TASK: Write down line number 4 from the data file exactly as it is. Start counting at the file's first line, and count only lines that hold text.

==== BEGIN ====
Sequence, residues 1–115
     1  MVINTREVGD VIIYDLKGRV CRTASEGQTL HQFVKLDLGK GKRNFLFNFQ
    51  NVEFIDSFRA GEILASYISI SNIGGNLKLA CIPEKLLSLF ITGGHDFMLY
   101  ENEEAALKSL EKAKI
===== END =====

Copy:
   101  ENEEAALKSL EKAKI